I can't tell you how sick I am of reading posts like this one at The Dilbert Blog and this one at Pharyngula. I'm actually really appreciative of many of the posts on the latter blog, but the blanket anti-religiosity combined with name-calling really, really gets to me. "Dumbassery"? Dumbassery? Give me a break.
When did name-calling become appropriate among educated and supposedly progressive adults?
What follows is not meant, of course, to chastise those of you who already believe in the fundamental humanity of all people, regardless of credo. Rather, it's a gentle reminder and warning not to become too fond of The High Horses of Intellectualism and Righteousness.
For my progressive readers: All evangelicals and fundamentalists are not stupid. Their leaders may try to push through some political reforms that you and I see as idiotic or dangerous, but that doesn't mean that as individuals they're morons.
For anyone stopping by who happens to be against religion in any form: Religion is not merely a form of superstition that a small group of people are trying to foist on your children in their science classes.
I know some very, very bright people who are fundamentalist Christians. In general, I don't understand their ways of seeing the world, but I don't dismiss them as individual human beings because I disagree with them. (That's an honor I reserve for individuals with real power who keep fucking things up or who take advantage of low-income believers: Hello, Mr. President! Greetings, Pat Robertson, TBN televangelists, and Benny Hinn!)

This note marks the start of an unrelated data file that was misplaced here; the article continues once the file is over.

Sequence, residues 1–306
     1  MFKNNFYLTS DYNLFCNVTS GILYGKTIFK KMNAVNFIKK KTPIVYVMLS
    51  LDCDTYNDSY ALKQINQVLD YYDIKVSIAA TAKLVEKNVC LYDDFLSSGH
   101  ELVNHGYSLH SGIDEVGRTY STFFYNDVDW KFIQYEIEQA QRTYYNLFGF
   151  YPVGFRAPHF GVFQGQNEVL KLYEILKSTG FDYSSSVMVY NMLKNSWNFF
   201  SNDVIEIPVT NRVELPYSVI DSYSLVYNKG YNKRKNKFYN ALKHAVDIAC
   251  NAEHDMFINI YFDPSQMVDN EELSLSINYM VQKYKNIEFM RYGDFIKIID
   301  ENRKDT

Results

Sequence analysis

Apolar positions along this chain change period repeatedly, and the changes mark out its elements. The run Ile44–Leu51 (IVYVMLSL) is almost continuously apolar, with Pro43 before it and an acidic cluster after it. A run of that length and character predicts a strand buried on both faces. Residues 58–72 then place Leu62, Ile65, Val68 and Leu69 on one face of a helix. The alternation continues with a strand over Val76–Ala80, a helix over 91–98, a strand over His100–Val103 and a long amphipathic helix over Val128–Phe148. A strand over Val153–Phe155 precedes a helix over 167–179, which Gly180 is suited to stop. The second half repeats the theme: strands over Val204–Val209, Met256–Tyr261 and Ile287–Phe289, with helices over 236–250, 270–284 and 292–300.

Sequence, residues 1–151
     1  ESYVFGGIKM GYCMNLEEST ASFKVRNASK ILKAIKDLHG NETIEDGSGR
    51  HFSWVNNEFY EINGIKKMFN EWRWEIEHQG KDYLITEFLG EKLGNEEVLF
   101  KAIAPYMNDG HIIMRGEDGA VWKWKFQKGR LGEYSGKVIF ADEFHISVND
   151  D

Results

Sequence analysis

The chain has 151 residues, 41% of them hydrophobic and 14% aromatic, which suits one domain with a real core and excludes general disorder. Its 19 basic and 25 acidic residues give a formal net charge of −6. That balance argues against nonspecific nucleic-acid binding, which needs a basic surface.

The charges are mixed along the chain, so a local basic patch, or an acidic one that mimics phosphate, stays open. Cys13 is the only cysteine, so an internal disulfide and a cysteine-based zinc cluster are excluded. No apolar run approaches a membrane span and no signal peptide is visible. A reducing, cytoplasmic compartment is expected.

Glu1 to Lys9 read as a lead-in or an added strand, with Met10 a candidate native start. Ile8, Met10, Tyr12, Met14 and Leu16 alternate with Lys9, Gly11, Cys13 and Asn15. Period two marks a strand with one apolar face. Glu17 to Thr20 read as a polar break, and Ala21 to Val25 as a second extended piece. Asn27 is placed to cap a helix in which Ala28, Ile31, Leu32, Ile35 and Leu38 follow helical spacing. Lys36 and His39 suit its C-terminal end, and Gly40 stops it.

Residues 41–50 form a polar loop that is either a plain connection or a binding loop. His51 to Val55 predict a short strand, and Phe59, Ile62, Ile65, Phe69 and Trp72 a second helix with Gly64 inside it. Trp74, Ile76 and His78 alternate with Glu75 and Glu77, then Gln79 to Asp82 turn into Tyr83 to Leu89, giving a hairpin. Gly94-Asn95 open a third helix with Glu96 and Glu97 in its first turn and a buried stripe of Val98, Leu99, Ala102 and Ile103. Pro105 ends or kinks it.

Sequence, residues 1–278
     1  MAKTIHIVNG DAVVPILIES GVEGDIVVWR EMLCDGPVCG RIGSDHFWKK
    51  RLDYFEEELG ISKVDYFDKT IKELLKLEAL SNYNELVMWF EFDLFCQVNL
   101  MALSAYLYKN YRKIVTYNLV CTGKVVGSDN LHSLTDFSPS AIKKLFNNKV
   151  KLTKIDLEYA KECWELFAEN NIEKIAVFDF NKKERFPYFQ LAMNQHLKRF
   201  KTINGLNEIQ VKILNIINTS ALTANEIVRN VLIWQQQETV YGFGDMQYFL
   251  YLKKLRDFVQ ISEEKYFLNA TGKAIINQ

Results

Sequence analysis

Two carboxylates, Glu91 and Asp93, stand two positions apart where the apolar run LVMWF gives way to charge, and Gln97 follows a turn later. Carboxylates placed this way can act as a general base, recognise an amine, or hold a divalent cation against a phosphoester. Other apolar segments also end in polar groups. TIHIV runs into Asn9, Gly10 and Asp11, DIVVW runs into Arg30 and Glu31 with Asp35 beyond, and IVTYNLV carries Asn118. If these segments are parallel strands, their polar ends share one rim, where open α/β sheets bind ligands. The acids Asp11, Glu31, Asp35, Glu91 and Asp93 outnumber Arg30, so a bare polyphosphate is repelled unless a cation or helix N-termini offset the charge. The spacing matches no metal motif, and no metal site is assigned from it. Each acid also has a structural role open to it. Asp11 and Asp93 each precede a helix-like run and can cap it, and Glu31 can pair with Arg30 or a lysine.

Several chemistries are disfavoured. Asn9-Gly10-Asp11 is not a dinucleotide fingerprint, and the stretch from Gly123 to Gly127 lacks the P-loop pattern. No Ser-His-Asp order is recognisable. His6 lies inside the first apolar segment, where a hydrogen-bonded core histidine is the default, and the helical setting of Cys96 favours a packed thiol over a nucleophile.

For my more conservative Christian readers: I'm trying to understand where you come from. I wasn't raised the way you were and thus I subscribe, I think, to a different way of processing the world. That said, chances are we share many core beliefs. In my life's journey, I've come to know fairly well a number of evangelicals, and I appreciate your earnestness, your desire to truly help people. However, when you talk about bringing people to Jesus as the highest form of assistance and service, I sense you trying to sell me on the political package that tends to come with your set of beliefs.
To clarify, here's what I believe about the religious figure whose followers I find most challenging to my worldview: Jesus, be he an actual historical figure or a character in the Bible, is admirable because he was (and pardon my flippancy here, but I mean it with a good deal of affection) the first hippie--wandering around in gown and sandals, encouraging people to drop out of the system and hang with him, spreading words of peace and love and generally challenging The Man. Yay for that Jesus. I don't believe that today's most popular American forms of evangelical and fundamental Christianity are in keeping with that Jesus's core teachings. (And please don't cite that "Love the sinner, hate the sin" line. By calling me a sinner, you're already judging me, deviating from that whole gospel of love and acceptance.) In short, I believe Jesus was a good man, but I don't think he was the literal son of God and a virgin Mary.